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Forum addresses cultural stigmas

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International Student advisor Aracelia Sanchez speaks with students Wednesday in the Campus Center Ballroom. The faculty symposium, organized by the Office of International Services, became an informal discussion group as students and faculty spoke openly with each other about integration, cultural divides, personal experiences and proposed solutions to allow international and U.S. students to come together as one student body.

International Student adviser Aracelia Sanchez speaks with students Wednesday in the Campus Center Ballroom. The faculty symposium, organized by the Office of International Services, became an informal discussion group as students and faculty spoke openly with each other about integration, cultural divides, personal experiences and proposed solutions to allow international and U.S. students to come together as one student body. / photo by Michael Savall

Megan Sears
Staff Writer

Faculty and staff gathered together to discuss the cultural shock international students face when trying to adapt to American culture Tuesday in the Campus Center Ballroom.

In a round table discussion a small group of faculty, staff and students discussed their experiences as international students.

Through the discussion, they brought up the importance of international students building connections with other international students, American students and professors on campus.

“If I were to summarize in one sentence what being an international student is all about, for me it was about establishing connections,”Assistant Professor of Management Giacomo Laffranchini said.

Laffranchini discussed his experience as an international student from Italy. He said he regretted that his first experience was excessively focused on learning French. He said that he missed the opportunity to make long lasting connections.

The topic of connections would remain the focus of the round table.

“I think you really need to put in the effort to understand the group of the culture to help make effective communication,” Assistant Professor of Management Si Hyun said.

Hyun then spoke of her experiences as an international student from Korea. She said at first she was reluctant to build connections, because she never thought she would stay in the United States.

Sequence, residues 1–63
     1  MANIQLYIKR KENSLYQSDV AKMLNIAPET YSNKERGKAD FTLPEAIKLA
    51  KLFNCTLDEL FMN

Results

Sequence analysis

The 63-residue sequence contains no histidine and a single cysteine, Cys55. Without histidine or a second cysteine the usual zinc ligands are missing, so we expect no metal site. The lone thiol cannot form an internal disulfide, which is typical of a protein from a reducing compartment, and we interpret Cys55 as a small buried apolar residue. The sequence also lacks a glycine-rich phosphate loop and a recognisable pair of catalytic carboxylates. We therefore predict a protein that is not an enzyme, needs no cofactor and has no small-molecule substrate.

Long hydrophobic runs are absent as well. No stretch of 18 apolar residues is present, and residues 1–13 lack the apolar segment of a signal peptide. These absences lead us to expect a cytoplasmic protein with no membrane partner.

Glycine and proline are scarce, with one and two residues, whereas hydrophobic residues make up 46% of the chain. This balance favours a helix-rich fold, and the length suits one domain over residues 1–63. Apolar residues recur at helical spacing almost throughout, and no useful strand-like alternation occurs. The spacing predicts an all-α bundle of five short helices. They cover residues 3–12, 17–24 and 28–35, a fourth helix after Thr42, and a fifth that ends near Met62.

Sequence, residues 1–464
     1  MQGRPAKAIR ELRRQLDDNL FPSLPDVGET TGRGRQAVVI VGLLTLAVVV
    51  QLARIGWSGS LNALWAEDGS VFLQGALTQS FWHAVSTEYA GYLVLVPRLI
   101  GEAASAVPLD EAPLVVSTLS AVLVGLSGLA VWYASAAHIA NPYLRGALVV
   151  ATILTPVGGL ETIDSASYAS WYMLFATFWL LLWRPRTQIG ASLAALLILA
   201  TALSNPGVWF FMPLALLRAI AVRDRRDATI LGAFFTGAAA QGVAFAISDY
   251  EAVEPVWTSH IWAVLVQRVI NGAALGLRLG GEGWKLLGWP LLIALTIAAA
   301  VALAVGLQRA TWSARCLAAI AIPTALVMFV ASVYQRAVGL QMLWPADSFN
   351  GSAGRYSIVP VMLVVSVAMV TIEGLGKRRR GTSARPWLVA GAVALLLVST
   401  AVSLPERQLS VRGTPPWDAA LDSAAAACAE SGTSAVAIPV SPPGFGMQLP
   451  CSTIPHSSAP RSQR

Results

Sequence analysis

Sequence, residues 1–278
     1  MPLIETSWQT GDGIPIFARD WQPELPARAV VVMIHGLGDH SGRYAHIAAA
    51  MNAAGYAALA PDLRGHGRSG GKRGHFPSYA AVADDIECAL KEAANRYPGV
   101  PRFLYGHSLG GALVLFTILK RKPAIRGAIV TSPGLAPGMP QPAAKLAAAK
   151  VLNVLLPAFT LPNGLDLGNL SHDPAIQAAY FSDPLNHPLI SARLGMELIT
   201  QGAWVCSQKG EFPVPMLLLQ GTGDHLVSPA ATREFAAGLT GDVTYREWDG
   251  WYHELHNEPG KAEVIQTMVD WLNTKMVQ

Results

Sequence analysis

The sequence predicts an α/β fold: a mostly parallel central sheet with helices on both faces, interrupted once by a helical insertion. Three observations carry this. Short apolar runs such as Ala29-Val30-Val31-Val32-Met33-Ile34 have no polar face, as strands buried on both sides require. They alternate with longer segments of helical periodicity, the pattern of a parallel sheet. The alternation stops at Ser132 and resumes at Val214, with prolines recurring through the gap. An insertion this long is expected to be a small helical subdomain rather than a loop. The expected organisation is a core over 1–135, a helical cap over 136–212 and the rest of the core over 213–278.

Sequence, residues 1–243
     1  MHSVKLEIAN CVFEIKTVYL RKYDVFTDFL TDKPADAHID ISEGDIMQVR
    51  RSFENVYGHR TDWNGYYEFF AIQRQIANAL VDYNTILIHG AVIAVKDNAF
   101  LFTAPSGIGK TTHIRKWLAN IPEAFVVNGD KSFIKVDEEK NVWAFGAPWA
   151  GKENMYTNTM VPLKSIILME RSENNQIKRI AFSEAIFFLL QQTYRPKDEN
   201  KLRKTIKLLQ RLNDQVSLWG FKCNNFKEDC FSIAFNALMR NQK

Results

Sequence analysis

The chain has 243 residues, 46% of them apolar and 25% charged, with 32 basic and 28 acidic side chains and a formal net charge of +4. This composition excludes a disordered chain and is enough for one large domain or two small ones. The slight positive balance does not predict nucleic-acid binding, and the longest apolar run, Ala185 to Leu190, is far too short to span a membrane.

Hyun focused her discussion on the fact that international students may feel uncomfortable reaching out and making connections with faculty and students. She said she was always too afraid to interact with people who were not Korean, but now she makes it a point to make connections on campus.

“The first time I came here I had language and culture problems,” junior business administration major YiTing Lin said. “It was very hard for me to get involved in the social life with all the American students, Everyday my schedule was go to school and study, which made my first year tough.”

Wrapping up the discussion, University Librarian Vinaya Tripuraneni asked the group how the University can get more international students involved on campus.

“A lot of the big barriers that we’ve had is that for years they’ve seen big events and think they’re only for undergraduate,” said Sanchez. “So this year we’ve been doing a really good job of making it known that undergraduate, ELS students, faculty and staff are all welcome.”

Sanchez went on to talk about having different events at different times to make them more accessible to faculty and student schedules.

The event was sponsored by the Office of International Services and Engagement as part of the University’s International Education Month.

They hosted another speaker event Wednesday where international students could spread awareness for problems in other cultures and an International Education Festival Thursday.

Megan Sears can be reached at megan.sears@laverne.edu.

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